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2015 Spring-Training Countdown: Day 21, Sammy Sosa

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In which I ask you to contemplate the return of the slugger.


Well, this is complicated.

Had the PED era not been what it turned out to be, had Sammy Sosa and others put up the numbers they did and been viewed as "clean," Sammy and his contemporaries (Mark McGwire, Barry Bonds and others) would now be hailed as among the greatest players in baseball history and would likely all be already enshrined in the Hall of Fame, or be close to being so honored.

It's not that simple, of course. I'm not here to make the argument on either side of the players who have either admitted PED use or who have been accused but have either denied or remained silent. In the end, it seems likely that many of these players will gain Hall admittance. You can't simply ignore the best players of an entire era, many of whom were Hall-worthy before they took a single PED.

Which raises the question about Sammy. I don't want to make any specific accusations here because Sammy's one of the players from that era for whom there isn't any specific evidence of PED use, though there's certainly circumstantial evidence around. I also want to state here that I was perfectly fine with having him testify before Congress in his native Spanish, with translations provided. If English weren't your native language, would you want to be put on the spot like that and have to speak in a language whose nuances you might not have completely mastered? I sure wouldn't.

Last April, not long after the Cubs' 100th anniversary celebration at Wrigley Field, Ernie Banks decided he was taking on a personal mission to reconcile Sammy and the Cubs:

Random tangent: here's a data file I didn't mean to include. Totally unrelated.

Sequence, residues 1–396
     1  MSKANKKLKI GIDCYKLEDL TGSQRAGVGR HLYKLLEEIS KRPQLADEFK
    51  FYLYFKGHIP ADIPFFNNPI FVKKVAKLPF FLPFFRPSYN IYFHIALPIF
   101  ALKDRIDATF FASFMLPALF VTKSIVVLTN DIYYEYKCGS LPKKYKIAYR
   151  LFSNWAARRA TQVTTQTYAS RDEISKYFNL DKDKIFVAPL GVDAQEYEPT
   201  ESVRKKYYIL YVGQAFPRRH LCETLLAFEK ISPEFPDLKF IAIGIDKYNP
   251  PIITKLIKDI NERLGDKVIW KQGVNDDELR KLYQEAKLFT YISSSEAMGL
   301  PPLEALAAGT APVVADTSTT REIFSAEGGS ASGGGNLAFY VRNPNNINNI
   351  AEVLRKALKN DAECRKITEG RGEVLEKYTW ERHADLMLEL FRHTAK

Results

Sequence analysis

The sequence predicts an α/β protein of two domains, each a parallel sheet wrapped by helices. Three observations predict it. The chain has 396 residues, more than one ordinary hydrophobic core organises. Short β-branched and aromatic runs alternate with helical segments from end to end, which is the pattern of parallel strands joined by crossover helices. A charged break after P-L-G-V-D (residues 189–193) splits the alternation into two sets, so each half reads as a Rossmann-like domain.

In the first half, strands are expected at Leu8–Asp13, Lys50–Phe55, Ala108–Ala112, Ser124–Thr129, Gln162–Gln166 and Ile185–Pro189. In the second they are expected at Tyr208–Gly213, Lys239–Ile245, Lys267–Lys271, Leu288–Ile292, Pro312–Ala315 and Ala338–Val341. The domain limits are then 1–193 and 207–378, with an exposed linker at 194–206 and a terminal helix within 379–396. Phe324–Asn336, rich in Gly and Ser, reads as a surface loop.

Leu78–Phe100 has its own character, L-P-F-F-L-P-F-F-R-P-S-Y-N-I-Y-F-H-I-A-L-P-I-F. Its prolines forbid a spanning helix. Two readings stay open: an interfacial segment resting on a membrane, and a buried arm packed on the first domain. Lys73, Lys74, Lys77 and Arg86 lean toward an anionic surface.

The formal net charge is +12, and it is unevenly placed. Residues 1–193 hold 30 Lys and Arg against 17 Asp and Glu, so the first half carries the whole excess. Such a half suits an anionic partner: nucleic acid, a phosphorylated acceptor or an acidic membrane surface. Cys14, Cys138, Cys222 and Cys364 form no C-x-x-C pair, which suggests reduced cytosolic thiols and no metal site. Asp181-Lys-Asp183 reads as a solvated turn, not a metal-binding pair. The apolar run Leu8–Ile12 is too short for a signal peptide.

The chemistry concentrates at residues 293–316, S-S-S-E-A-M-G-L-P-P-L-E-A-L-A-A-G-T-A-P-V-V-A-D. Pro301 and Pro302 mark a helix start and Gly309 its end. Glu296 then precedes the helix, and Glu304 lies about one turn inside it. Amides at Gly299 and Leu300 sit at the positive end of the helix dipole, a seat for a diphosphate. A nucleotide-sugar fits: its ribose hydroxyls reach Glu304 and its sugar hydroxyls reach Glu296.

"I had talked to (Cubs Chairman Tom) Ricketts a little bit about it. He said he didn’t know what to do ... whether he was going to have him come back or whether he was not going to have him come back to the (100-year celebration of Wrigley Field)," Banks told the Tribune.

"(Ricketts) said: ‘Well, I’ll let you know.’ Then when we got to the 100th anniversary, I asked everybody out there: ‘Is Sammy coming? Is Sammy coming?' They said: 'We don’t know ... we don’t know?'"

Apparently, the Cubs want Sosa to address the long-standing speculation that he used banned substances while on the way to overtaking Banks as the Cubs’ all-time home run leader. Then, perhaps a reconciliation could be discussed.

"He can admit to that (steroid use)," Banks said. "We had Barry Bonds, Mark McGwire ... a lot of guys ... Alex Rodriguez. They admitted to doing something that is not right. But I don’t know if Sammy ever admitted to that."(Sosa) is quite a guy. He did a lot for this organization. And nobody could answer (why he was not at the celebration). I wanted him to come. And later on it came out that Sammy wanted to come. Nobody invited him."

The Cubs apparently still want that speculation addressed, as Tom Ricketts hinted at the recent Cubs Convention that "certain things" had to happen before such a reconciliation could happen.

Now Ernie is gone, and Sammy is not going to attend the memorial service:

Former Cubs slugger Sammy Sosa will not be attending the funeral of Ernie Banks on Saturday, a friend of Sosa's told the Tribune on Wednesday.

Sosa is scheduled to travel Saturday to Japan on a business trip that already had been pushed back as he awaited word on Banks’ funeral arrangements.

Sosa also was unsure whether there would be an opportunity to visit privately with Banks’ family on Friday, and did not want to risk diverting attention away from the services for the Cubs legend by appearing in public, the friend said.

I can understand that. If Sammy did appear, that would create a media circus and take away the attention from where it belongs during the service, on Ernie.

Nevertheless, I note in particular this part of the Tribune article linked above:

Banks, who took trips to the Dominican Republic to meet and golf with Sosa, often referred to Sosa as "being like a son to me."

It would have been Ernie's greatest pleasure to help reconcile Sammy and the Cubs. Sosa did bring a lot of happiness and pleasure to Cubs fans during his time here, whether by illicit means or not, and was a key part of two Cubs playoff teams. It's now been 10 seasons since he last played in pinstripes, and seven since his retirement. Perhaps enough time has gone by that the Cubs and Sosa can begin to reconcile and help heal some of the wounds of the Steroid Era.

I'd like to hear what you think. Let us know in the comments and vote in the poll.